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The Green Sheet Online Edition

September 27, 2010 • Issue 10:09:02


If you're in business, you need a plan

Do you have a business plan? Even if you are working for yourself and have no employees, a plan for your business is essential. It serves as a map created to guide your future performance. It sets forth where you'd like your business to be within a certain time (typically five years) and describes how you intend to get there.

After all, how can you turn your goals into action if you have only a vague notion of where you are going and how you will get there?

Plans address real needs

There are multiple reasons for creating a business plan. For example:

  • If you are seeking capital, the first thing an investor will want to see is your business plan.
  • If you want to know if your business is meeting expectations, your business plan will provide the benchmarks needed for accurate assessments.
  • If you want your business to have high standards, a business plan can define them and help you implement them.
  • If you want to follow a consistent strategy, your business plan can describe that strategy and serve as a reference tool.

No one is exempt

You may feel that preparing a business plan is too daunting or you're too busy running your company to prepare a plan. Even if you've been in business for years without a written plan, it doesn't mean you don't need one. It means you're probably not as focused as you could be and thereby hindering your performance.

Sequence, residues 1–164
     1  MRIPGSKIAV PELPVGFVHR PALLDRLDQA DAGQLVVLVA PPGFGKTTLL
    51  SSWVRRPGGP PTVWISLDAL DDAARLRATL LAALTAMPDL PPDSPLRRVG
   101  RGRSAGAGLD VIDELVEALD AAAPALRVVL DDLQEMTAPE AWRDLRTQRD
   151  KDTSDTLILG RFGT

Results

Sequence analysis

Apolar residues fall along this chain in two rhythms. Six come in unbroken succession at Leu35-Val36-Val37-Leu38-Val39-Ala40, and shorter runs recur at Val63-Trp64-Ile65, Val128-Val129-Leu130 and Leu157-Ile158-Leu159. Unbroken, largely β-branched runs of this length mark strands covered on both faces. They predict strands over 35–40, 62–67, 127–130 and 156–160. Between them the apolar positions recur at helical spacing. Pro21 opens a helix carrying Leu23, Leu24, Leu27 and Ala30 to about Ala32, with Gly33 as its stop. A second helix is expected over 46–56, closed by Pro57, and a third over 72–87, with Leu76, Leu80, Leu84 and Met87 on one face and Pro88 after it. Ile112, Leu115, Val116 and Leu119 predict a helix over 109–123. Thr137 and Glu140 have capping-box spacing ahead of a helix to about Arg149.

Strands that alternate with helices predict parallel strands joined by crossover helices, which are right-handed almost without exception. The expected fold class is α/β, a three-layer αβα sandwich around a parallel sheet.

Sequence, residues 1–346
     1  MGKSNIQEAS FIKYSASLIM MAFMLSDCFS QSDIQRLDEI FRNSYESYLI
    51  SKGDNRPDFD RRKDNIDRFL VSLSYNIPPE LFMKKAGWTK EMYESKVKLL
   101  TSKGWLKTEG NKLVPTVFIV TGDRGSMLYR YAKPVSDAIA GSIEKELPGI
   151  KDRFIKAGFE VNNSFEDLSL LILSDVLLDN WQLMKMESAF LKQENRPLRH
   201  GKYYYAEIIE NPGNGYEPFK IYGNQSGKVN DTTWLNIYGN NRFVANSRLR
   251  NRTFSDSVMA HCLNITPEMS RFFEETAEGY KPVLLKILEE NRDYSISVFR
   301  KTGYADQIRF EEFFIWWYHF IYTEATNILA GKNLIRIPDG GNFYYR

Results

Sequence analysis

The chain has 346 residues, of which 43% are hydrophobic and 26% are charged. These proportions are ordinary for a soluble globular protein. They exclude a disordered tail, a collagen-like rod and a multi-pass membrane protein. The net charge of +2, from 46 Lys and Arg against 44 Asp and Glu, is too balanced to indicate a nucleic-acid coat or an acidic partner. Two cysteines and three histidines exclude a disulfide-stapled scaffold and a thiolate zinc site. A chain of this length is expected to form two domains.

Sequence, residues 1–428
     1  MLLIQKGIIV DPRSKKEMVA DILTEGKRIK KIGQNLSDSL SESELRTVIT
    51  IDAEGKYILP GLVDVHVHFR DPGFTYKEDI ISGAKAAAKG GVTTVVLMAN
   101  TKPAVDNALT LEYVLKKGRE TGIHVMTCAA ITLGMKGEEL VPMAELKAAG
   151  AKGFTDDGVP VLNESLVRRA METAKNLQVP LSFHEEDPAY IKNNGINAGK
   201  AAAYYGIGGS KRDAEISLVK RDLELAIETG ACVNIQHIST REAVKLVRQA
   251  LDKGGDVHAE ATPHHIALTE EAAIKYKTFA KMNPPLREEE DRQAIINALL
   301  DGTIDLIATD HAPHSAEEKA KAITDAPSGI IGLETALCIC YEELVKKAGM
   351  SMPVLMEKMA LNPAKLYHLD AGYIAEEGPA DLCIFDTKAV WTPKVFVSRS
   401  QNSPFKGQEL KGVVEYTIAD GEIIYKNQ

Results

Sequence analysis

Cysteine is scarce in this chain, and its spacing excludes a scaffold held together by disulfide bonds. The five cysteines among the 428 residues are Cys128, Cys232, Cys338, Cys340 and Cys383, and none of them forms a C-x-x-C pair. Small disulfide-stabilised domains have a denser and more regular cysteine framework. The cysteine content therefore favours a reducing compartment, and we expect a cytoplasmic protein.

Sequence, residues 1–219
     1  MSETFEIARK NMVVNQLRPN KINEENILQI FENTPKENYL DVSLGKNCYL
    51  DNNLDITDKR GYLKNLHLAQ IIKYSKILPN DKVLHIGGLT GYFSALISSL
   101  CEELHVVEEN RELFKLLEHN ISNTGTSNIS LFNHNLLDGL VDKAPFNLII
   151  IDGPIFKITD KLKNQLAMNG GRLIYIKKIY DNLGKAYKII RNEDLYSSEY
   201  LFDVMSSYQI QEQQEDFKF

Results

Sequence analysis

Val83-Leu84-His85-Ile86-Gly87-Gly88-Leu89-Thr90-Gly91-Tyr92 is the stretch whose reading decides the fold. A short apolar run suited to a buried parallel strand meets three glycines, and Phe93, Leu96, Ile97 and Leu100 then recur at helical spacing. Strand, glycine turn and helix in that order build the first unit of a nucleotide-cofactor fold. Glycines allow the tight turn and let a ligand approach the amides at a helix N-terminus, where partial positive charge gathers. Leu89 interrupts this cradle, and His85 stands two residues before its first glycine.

No matter where you are in your career, you need to know where you are heading. If you want your business to expand, how will you make that happen? If you plan to retire, how much money will you need to live in comfort, and how will you get it? These are just some of the issues a business plan can address.

Preparation is the key

Crafting a business plan isn't difficult, but it does require careful preparation. Many software packages and websites are available to help you create a business plan or improve the one you have. To get started, google "business plan," or ask other business owners for recommendations.

An effective business plan will contain the following:

  • Executive summary, including a mission statement
  • Business concept, the market the company serves and what it offers
  • Honest competitive analysis, including current business position, major achievements and challenges
  • Organizational structure, ownership and management
  • Marketing plan
  • Financial information and needs, including financial statements

Use your goals as the springboard for your mission statement. Then flesh out the other components of your business plan. Show the plan to colleagues you trust, and make adjustments as needed. Once you've created a plan that serves your needs, review and update the document at least every two years. And enjoy the results. end of article

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